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Baseball Card Exchange

What They Were Saying About the Hobby in 1986

Call it the Storm Before the Calm.  Call it Overproduction Era Eve.  It was 1986.  Upper Deck wasn’t even a gleam in anyone’s eye and baseball cards were hot.

Hot with kids.  Hot with adults.  Lots of adults, for the first time ever it seemed.

Grown ups who once had to keep their love of a ‘kids hobby’ in the closet, were unafraid to show it.

But the dark clouds were starting to form on the horizon.

Speculators were getting involved as word spread about the nice chunks of change being made on boxes and cases of supposedly short-printed 1984 Donruss and Fleer cards and an ever growing market for vintage cards.  Anything the card companies put out was hot.   Card shops were starting to pop up everywhere.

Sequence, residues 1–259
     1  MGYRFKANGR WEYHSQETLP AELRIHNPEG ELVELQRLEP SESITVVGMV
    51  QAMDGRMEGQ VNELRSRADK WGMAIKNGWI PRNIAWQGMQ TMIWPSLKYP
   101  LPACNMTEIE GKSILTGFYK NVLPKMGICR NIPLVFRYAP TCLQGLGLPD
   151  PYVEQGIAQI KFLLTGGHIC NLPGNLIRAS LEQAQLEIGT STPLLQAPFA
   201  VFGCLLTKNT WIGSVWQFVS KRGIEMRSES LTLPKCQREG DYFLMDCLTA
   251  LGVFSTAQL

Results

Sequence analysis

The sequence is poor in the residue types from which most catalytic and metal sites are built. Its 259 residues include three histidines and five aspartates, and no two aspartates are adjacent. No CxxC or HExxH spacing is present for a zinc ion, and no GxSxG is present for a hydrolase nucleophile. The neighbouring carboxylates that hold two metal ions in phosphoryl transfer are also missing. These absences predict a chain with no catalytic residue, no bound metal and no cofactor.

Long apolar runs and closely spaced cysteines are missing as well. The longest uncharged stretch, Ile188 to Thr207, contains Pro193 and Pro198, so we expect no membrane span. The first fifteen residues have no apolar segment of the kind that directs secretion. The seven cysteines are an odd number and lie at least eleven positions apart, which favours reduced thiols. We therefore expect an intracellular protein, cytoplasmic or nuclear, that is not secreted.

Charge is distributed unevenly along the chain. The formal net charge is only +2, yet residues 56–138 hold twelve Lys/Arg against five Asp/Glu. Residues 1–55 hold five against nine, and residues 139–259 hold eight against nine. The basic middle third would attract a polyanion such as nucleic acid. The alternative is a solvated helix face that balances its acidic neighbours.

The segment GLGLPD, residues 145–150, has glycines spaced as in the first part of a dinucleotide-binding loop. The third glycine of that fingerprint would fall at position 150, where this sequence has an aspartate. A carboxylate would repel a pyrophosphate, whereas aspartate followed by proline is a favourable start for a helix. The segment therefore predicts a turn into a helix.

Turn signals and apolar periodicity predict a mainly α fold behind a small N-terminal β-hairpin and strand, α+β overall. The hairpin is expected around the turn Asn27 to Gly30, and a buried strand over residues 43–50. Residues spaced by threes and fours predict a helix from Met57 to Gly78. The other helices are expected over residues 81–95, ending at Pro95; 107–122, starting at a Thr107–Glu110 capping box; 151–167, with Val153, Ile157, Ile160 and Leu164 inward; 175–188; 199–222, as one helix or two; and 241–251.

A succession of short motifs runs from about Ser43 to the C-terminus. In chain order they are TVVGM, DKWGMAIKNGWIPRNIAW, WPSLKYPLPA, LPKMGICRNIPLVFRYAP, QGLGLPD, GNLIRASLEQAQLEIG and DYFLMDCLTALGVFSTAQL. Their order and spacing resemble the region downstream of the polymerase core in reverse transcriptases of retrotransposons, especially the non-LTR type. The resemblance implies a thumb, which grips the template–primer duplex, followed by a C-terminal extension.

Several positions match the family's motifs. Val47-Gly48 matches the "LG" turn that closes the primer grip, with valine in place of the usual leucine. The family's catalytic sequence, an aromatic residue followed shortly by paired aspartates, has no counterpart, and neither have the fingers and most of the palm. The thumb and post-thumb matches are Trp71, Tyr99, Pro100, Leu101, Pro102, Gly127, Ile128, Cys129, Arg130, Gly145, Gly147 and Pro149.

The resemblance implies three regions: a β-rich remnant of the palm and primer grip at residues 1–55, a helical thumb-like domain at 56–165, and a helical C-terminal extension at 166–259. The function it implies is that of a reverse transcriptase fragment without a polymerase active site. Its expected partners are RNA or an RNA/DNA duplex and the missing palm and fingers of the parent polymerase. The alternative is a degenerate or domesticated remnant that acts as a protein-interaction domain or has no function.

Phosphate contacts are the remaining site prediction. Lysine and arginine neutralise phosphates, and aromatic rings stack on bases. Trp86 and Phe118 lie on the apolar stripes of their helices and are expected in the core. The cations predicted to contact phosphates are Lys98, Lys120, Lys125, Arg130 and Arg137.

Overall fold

The mainstream media was paying attention, too.

This article in the Los Angeles Times from the summer of ’86 portends the problems to come.  Things would peak in just a few years–and then the hobby would be forced into a long stretch of market corrections.

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